In light of the DusitD2 attack, and recent security warnings from various sources including the UN itself, further terrorist attacks are likely across the country, and Nairobi remains an aspirational target for al-Shabaab. For which, the US Embassy warning broadly reiterates.

While there are no current threats against specific locations in Nairobi, attacks can take place in any location. Potential targets include locations affiliated with the government or security forces, crowded places and areas frequented by tourists, including hotels and shopping complexes as evidenced in the recent attacks and counter-terrorism operations.

In February 2018, police foiled a terror attack against the Supreme Court and other government buildings in Nairobi. Following a bomb attack against the Supreme Court, the militants planned to carry out attacks against the Kenyatta International Convention Centre, Parliament Buildings, City Hall, the Technical University of Kenya, Central Bus Station, Jeevanjee Gardens, Serena Hotel, the University of Nairobi, and Milimani law courts.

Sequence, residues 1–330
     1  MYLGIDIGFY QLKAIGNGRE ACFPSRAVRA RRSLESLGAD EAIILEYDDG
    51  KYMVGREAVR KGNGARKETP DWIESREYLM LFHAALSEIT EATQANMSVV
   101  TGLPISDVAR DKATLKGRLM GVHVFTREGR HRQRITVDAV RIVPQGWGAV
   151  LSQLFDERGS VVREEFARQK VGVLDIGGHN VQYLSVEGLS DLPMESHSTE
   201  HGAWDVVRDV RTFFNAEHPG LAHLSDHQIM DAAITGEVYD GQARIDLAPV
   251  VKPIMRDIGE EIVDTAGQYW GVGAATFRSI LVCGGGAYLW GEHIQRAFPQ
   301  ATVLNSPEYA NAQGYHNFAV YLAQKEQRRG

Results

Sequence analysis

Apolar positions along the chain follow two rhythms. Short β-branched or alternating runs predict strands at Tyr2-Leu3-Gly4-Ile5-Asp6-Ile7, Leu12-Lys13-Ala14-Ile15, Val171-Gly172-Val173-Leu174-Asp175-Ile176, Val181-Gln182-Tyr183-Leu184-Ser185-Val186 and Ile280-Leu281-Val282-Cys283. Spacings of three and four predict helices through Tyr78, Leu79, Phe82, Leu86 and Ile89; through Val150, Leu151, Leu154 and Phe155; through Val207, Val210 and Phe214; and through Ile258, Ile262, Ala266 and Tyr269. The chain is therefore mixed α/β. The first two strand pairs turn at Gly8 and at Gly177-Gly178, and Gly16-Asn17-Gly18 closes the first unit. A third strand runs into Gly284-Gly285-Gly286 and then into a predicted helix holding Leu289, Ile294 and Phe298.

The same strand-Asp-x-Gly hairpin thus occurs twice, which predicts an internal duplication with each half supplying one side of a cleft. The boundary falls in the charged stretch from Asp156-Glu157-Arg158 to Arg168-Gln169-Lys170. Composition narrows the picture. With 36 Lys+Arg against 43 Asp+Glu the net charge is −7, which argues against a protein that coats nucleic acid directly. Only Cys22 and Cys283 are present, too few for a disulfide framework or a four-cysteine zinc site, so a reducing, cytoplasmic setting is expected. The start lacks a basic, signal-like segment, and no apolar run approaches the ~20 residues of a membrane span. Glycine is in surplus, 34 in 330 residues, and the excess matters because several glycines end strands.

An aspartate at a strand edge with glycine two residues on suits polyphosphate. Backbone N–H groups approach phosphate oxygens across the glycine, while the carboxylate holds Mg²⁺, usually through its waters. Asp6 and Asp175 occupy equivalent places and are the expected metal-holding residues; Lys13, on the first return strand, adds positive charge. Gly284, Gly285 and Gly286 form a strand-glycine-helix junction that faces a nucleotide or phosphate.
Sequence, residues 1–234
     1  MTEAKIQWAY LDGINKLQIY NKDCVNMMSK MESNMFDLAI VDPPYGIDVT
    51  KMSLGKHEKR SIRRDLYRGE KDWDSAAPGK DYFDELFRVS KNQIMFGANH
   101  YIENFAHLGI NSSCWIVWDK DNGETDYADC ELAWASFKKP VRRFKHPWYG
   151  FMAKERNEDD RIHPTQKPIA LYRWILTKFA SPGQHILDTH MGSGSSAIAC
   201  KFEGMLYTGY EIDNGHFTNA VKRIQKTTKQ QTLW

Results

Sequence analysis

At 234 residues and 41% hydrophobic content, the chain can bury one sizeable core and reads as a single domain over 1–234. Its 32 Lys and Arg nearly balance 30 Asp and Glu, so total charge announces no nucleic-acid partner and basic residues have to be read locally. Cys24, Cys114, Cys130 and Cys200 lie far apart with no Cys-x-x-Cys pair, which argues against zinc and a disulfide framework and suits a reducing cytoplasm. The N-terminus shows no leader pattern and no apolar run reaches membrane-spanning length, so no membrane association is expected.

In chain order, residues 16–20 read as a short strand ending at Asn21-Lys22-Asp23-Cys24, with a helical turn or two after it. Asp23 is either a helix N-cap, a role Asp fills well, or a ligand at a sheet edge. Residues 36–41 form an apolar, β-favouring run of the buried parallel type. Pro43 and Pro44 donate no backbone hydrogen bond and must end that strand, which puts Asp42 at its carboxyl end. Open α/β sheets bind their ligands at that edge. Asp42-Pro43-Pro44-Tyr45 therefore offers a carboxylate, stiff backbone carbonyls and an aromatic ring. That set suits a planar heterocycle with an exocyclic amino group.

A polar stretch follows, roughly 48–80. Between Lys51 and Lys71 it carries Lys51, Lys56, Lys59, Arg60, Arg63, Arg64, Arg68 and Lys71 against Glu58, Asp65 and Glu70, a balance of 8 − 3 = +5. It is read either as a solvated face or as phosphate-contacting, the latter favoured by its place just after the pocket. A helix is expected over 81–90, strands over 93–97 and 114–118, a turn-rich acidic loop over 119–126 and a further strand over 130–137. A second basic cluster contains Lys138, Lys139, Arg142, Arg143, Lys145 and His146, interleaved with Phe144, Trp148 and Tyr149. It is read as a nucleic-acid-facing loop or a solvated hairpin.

In being the first major international diplomatic event to be hosted by Kenya since the DusitD2 attack, The Fourth Session of the United Nations Environment Assembly and its associated meetings will be a high profile target for insurgent outfits and in particular al-Shabaab. Comments made by the UN monitoring group in November last year - relating to violations on the charcoal trade - could further legitimise the UN as a valid target, in addition to the US Embassy, which is adjacent to the UN complex and a high profile target in itself.